It took nearly 23 hours to bring all 33
miners to the surface.
• Eduard Jardim, Murray & Roberts
group communication executive
+27 11 456 6200
The world has been captivated by the rescue of 33 miners trapped 688 metres underground in the San Jose mine near Copiapo in northern Chile.
The entrance to the main tunnel collapsed on 5 August 2010, trapping the miners – 32 Chileans and one Bolivian – deep underground for over two months.
A breakthrough in October saw a rescue shaft finally reaching the miners, enabling workers to start bringing them to the surface one by one. The rescue capsule, named Phoenix, was fitted with an oxygen supply and communications facilities, and took about an hour to make a round trip. It brought the last miner up in the early hours of 14 October.
This rescue was made possible by the efforts of South African construction and engineering company Murray & Roberts through its Cementation division, Cementation’s Chilean partner Terraservice, and others.
Cementation is the engineering giant’s global mining contracting division, and is collaborating with Terraservice in a joint venture called Terracem. Murray & Roberts have been involved in many major construction projects around the world, including the Burj al Arab in Dubai, the Cape Town stadium, and the Paris-Sorbonne University in Abu Dhabi.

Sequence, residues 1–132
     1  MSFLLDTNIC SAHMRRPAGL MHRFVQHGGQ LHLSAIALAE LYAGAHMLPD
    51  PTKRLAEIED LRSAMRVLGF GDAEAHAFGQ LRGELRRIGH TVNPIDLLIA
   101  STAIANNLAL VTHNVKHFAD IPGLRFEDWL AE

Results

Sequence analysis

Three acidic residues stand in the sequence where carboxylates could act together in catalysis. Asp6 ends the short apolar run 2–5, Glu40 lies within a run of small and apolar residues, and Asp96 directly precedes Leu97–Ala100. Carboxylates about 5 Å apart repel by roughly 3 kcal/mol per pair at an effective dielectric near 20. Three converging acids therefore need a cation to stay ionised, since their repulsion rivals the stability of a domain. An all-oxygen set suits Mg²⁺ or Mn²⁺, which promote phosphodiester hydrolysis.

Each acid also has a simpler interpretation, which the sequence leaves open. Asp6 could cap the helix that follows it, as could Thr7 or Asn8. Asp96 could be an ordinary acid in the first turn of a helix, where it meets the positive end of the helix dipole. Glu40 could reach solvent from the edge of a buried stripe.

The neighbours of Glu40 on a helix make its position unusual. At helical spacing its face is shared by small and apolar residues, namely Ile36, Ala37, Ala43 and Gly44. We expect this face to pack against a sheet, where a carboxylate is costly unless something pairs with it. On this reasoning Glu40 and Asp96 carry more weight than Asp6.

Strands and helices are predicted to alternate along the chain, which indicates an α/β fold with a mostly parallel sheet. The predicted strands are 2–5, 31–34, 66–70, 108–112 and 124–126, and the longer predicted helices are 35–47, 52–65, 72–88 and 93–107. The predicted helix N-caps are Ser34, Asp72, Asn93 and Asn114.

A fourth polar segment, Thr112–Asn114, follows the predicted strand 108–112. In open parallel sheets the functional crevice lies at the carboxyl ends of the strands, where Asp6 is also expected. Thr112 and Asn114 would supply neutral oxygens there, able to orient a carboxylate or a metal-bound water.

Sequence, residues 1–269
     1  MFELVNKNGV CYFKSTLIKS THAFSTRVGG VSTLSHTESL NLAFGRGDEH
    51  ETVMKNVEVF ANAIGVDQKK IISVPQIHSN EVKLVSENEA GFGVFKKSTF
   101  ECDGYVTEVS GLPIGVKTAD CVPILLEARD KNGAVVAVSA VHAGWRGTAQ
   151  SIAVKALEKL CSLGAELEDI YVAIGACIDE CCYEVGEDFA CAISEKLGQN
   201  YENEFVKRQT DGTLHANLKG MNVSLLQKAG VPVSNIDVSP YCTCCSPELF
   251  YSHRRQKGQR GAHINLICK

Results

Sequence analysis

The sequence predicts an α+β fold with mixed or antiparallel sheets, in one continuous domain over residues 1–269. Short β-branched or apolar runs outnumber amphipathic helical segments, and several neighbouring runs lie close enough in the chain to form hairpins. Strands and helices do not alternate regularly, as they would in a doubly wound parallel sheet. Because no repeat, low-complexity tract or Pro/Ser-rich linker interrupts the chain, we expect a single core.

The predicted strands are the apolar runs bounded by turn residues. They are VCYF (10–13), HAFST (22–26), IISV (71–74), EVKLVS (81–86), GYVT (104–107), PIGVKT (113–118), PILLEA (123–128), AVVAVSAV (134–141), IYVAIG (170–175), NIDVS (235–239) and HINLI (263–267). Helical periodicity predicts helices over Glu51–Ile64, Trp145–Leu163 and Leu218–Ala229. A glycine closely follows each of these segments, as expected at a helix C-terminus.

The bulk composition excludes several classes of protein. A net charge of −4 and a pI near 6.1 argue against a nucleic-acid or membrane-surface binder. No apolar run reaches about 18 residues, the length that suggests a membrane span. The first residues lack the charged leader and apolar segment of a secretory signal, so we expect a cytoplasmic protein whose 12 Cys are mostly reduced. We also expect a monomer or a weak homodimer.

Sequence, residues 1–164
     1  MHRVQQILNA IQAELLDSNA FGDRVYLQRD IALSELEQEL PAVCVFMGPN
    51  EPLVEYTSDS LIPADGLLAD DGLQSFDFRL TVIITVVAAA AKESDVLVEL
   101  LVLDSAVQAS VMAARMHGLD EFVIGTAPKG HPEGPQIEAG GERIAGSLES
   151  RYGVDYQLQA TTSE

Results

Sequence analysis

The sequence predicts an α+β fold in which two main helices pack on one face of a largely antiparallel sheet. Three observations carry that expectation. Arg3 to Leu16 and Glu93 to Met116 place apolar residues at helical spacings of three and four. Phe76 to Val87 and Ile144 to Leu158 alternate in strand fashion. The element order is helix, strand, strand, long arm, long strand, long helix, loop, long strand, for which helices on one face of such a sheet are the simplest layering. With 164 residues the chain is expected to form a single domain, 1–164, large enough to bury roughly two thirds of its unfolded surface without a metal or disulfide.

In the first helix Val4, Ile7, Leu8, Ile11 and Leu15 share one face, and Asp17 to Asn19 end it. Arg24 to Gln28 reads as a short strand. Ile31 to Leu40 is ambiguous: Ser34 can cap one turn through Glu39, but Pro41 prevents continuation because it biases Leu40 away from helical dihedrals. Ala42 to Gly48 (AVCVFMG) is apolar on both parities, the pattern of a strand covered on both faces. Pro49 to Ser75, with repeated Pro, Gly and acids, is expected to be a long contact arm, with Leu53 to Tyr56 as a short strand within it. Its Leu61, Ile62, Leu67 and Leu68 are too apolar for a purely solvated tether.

It was a Terraservice drill that reached the miners’ underground chamber on 22 August 2010, allowing them to attach a written message to the drill pipe confirming they were alive and well. Food, water and medication were sent down to the men through this shaft.
Murray & Roberts were the first to get a drill to the site in response to the Chilean government’s call for help. Terracem dispatched one of their raise drilling machines, the Strata 950, to San Jose to begin drilling a pilot hole to reach the miners.
This machine, which is owned by Cementation Canada and operated in Chile by Terracem, had just sunk a shaft for the nearby Andina mine and could begin drilling immediately, even though the rock was hard, which necessitated frequent interchanging of drill heads.
Murray & Roberts co-developed the rotary vertical drilling system used by the Strata 950. The pilot shaft was just 370mm wide, but was later reamed to its final diameter of 750mm, allowing for the reinforcement and stabilisation of the top section with steel casing.
Three drilling operations, running concurrently, raced to be the first to reach the trapped men. The Strata 950 was plan A, and plans B and C involved a Schramm T-130 drill and a Rig 421 oil well drill respectively.
It was the plan B hole that was finally used to extract the miners, who have become national heroes and were lauded by the world for their determination to survive.
Murray & Roberts group communications head Ed Jardim said in a statement: “This is a wonderful achievement for South Africa and Murray & Roberts. We are very privileged to have been a part of this process and it is a feather in our cap as South Africans – as leaders in underground mining.”
The first miner, Florencio Avalos, reached the surface just after 05h00 South African time on 13 October, and the last to be lifted to safety was Luiz Urzua, who was shift chief when the incident happened. The rescue took 22 hours and 37 minutes.
Jardim added: “The Chilean government has managed the rescue and drilling process exceptionally well and we have been proud to have assisted them through this process.